Clarisse tilted her head. An expression of boredom crept across her mouth.

    “I’ve heard better lines on the six A.M. farm report.”

    “No, what I mean is…well, you know, this is a gay bar.”

    “Oh,” she said blandly. “Is there a sign? I must have missed it.” She turned her profile to him.

    Searcy paused, trying to decide whether she was being sarcastic or not. “Listen,” he went on carefully, “I have to finish up some business here and after I’m done, would you like to go somewhere else for a drink?”

    “If this is a gay bar, Mr. Searcy,” said Clarisse with a small smile, “what are you doing here trying to pick up a woman?”

    “I told you, I have business here, with the bartender. He’s upstairs right now. After he comes back we could go over to the Howard Johnson’s 57 Club. It’s just up the street.”

    “It’s too cold for ice cream.”

    “No, I meant—”

    Before he could finish, Valentine came down the stairs and crossed back behind the bar. He dropped the photograph onto the bar between Searcy and the woman. She picked it up.

    “Jack’s never seen him.”

    Searcy shrugged. “I’ll leave the print. Show it around and call me if you hear anything.” Searcy handed Valentine a cheaply printed business card.

    Pocketing the card, Valentine took a glass, filled it halfway with chunks of ice and then poured in two fingers of good scotch. The woman wrapped a hand around it but did not drink.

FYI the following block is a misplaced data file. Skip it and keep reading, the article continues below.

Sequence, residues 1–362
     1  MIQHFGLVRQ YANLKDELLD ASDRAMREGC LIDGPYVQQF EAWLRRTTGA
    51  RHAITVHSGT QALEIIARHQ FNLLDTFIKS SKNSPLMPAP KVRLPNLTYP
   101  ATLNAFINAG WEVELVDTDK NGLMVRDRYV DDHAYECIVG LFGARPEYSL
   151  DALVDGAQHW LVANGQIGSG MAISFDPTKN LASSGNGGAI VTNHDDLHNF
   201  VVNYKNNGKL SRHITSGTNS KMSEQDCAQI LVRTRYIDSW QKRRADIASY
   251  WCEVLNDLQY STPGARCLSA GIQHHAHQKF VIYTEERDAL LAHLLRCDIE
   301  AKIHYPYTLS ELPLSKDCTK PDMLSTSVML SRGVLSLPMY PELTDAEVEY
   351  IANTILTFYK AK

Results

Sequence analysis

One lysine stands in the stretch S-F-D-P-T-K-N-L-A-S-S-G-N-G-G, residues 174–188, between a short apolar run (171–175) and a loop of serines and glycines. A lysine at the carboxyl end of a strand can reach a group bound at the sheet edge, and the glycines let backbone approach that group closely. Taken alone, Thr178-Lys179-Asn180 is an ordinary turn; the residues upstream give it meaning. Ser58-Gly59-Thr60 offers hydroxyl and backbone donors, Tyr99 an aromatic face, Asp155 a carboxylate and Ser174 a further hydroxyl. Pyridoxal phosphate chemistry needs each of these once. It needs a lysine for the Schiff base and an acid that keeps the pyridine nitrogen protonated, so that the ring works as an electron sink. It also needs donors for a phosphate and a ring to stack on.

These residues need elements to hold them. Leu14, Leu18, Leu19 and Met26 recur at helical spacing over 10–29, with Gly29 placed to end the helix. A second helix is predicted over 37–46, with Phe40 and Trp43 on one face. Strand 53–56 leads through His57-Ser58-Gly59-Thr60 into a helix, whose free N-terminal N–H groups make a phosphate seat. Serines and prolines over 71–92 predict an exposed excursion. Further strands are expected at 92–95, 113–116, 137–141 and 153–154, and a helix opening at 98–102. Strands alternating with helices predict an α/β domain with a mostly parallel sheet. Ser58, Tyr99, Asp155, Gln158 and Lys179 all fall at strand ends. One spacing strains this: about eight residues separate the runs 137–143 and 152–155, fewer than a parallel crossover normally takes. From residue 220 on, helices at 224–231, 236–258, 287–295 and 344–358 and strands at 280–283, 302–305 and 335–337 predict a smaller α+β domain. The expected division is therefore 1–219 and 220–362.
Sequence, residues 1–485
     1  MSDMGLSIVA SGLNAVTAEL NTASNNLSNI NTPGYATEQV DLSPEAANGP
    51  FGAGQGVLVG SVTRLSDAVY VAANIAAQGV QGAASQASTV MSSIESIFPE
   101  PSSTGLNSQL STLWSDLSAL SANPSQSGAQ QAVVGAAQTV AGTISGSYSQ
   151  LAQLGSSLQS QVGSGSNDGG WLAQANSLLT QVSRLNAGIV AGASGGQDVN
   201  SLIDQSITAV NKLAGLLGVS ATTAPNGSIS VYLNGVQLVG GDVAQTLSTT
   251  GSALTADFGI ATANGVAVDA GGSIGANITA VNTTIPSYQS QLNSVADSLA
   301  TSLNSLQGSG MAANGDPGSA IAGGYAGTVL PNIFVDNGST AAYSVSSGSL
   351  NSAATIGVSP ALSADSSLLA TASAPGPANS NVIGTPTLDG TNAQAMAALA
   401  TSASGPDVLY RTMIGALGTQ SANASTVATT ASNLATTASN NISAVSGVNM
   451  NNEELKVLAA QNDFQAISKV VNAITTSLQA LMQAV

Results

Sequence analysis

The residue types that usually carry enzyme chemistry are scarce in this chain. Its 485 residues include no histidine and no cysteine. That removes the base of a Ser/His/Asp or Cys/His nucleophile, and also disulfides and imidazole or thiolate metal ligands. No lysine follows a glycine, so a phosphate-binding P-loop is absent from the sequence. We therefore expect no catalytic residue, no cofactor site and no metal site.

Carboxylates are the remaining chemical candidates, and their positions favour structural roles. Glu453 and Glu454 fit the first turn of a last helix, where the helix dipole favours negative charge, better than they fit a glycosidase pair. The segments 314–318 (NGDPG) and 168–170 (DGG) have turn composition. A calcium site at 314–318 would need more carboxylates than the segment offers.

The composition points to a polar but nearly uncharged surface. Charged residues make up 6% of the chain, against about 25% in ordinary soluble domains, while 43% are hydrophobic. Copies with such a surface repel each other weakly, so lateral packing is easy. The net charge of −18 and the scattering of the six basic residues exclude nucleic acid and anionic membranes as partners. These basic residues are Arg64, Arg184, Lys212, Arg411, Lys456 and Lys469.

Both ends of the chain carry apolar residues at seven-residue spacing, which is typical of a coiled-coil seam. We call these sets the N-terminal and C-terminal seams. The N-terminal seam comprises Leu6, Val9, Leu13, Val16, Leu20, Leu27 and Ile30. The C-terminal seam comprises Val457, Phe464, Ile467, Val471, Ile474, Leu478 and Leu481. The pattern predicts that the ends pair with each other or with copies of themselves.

Searcy was confused by the woman’s presence in the bar and now the bartender’s evident familiarity with her—though they had not spoken. Yet he could not resist making one more attempt: “Well, I guess you don’t want to have that drink with me…”

    She looked at him. “Are you a policeman?”

    “I’m a detective.”

    Clarisse lifted the cup Searcy had been drinking from and passed it beneath her nose. She set it back in the saucer.

    “I see you’re on duty,” she said, then more softly, “Maybe some other time.”

    Searcy nodded harshly.

    “Anything else, Lieutenant?” asked Valentine.

    “No. Just call me if you get anything.”

    Valentine lit a cigarette. “You know, Lieutenant, you’re wasting your time in here. A nineteen-year-old hustler would never come in Bonaparte’s. He’d go to Nexus, or one of the bars in the Zone. If I hear anything I’ll call you, but don’t sit by the phone.”

    Searcy rested one large hand on the bar, rhythmically tapping his thumb against the wood. “Let me tell you one thing, Valentine, I don’t care if somebody knocks off a hustler every night, but when I’m assigned to a case I check everything. Scarpetti’s down our necks like—”

    Valentine cut in sharply. “What Scarpetti says is bullshit. It’s good press.”

    The policeman’s flat black eyes stared hard at Valentine.